10. The process as claimed in claim 5, wherein drying is carried out using a pneumatic conveying drier, spray drier, rack drier, belt drier, rotary tube drier, flash drier, spin-flash drier or nozzle tower.

11. The process as claimed in claim 5, wherein drying is followed by granulation with a roll compactor.

12. The process as claimed in claim 5, wherein during steps b) and/or d), an organic or inorganic salt is added.

13. The process as claimed in claim 5, wherein the precipitated silica is granulated or ungranulated, and wherein the granulated or ungranulated precipitated silica is modified with organosilanes in mixtures from 0.5 to 50 parts per 100 parts of precipitated silica and the reaction between precipitated silica and organosilane is carried out during the preparation of the mixture (in situ), or outside by spray application and subsequent thermal conditioning of the mixtures or by mixing the organosilane and the silica suspension with subsequent drying and thermal conditioning.

14. An elastomertic blend, a vulcanized rubber blend or a vulcanizate, each comprising the precipitated silica of claim 1, and one or more polymeric resins.

15. A tire comprising the precipitated silica as claimed in claim 1, and one or more rubbers or elastomers.

16. The tire as claimed in claim 15, wherein said tire is a commercial vehicle tire.

17. The tire as claimed in claim 15, wherein said tire is a motorbike tire.

18. The tire as claimed in claim 15, wherein said tire is a high-speed vehicle tire.

19. A vehicle, comprising the tire of claim 15, and a body frame.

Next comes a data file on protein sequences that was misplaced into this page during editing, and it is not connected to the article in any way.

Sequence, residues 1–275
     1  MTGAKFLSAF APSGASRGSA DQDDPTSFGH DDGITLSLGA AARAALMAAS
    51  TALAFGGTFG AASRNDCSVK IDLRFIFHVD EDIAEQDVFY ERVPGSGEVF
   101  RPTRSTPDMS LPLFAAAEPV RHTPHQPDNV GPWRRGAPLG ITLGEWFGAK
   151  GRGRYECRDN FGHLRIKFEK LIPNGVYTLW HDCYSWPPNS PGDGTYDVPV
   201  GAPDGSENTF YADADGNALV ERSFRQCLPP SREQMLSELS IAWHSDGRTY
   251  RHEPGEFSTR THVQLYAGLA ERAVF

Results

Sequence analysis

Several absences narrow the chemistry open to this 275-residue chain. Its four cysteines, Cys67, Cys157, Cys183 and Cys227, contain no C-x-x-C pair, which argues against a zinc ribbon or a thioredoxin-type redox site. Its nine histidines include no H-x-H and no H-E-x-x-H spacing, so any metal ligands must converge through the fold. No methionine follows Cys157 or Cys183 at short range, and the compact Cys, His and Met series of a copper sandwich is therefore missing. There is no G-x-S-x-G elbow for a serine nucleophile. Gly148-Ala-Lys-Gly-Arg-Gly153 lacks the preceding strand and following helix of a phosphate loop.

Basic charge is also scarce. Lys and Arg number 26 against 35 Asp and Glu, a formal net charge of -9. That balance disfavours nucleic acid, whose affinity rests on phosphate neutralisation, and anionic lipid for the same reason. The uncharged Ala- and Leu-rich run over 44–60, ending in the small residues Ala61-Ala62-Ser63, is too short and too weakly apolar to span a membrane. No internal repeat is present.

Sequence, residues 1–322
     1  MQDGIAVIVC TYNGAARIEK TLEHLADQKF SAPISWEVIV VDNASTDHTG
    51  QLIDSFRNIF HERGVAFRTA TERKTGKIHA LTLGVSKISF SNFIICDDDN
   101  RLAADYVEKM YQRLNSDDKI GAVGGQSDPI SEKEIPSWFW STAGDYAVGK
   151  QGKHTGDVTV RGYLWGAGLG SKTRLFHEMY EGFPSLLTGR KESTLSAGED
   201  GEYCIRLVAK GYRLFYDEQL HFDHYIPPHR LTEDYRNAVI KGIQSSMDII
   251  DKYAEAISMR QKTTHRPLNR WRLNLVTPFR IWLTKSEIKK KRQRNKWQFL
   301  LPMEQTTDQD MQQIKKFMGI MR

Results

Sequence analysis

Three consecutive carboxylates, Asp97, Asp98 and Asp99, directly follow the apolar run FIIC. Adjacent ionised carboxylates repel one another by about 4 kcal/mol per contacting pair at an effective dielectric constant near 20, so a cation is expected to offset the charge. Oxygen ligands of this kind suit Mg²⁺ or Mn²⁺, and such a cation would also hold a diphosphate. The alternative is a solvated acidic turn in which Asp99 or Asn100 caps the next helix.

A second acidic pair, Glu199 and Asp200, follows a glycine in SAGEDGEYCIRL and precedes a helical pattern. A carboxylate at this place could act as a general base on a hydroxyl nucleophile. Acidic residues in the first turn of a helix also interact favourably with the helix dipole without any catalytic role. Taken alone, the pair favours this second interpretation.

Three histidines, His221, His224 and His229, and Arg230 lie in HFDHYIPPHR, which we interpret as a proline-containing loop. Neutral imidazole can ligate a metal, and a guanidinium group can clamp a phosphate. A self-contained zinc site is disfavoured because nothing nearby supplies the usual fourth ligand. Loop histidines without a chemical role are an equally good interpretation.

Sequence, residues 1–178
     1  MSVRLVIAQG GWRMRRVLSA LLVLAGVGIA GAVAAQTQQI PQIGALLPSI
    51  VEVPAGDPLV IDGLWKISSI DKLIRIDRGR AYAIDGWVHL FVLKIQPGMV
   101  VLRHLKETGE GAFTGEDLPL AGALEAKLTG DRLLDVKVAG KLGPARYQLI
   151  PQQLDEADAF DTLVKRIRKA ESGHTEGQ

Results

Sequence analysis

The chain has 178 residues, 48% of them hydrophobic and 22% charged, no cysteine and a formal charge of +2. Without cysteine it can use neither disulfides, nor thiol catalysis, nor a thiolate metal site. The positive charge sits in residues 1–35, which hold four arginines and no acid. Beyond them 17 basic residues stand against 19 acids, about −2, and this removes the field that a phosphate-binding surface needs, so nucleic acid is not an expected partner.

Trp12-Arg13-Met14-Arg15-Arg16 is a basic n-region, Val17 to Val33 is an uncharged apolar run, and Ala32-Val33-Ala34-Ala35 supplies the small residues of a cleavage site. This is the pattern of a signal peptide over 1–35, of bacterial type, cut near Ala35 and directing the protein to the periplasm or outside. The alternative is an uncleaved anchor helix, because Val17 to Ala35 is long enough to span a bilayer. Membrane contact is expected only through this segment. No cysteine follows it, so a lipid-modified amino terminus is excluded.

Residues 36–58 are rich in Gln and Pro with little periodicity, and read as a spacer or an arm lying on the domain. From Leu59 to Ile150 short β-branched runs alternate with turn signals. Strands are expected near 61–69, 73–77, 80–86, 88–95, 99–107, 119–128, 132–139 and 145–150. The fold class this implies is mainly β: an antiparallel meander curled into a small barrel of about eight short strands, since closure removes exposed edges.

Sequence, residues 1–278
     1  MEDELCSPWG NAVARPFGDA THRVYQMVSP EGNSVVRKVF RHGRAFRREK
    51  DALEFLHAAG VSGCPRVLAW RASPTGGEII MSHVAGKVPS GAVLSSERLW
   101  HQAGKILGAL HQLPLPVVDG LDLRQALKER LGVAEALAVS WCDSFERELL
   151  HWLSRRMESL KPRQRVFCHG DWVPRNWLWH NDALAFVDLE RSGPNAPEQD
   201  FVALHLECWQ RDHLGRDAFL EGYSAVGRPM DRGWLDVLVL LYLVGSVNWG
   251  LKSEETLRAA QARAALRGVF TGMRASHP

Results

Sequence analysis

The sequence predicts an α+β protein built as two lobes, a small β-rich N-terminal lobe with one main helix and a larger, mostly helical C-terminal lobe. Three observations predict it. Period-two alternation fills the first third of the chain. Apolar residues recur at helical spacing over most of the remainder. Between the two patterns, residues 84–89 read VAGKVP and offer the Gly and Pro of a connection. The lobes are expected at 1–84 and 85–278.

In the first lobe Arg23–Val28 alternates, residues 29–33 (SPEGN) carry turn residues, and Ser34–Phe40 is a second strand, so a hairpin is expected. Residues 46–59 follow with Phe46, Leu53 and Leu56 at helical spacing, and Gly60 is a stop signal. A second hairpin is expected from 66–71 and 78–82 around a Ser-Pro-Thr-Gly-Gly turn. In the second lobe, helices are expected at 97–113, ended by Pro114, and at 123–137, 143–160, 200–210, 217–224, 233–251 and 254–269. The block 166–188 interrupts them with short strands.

20. An article, comprising the elastomeric blend, the vulcanized rubber blend or the vulcanizate of claim 14, and one or more additives.

Description:

The present invention relates to a highly dispersible precipitated silica which has a high surface area, to a process for preparing it, and to its use as a tire filler for commercial vehicles, motorbikes and high-speed vehicles.

The use of precipitated silicas in elastomer blends such as tires has been known for a long time. Silicas used in tires are subject to stringent requirements. They should be amenable to easy and thorough dispersion in the rubber, should bond well with the polymer chains present in the rubber and with the other fillers, and should have a high abrasion resistance akin to that of carbon black. Besides the dispersibility of the silica, therefore, the specific surface areas (BET or CTAB) and the oil absorption capacity (DBP) are important. The surface properties of silicas are critical determinants of their possible application: certain applications of a silica (for example, carrier systems or fillers for elastomer blends) demand particular surface properties.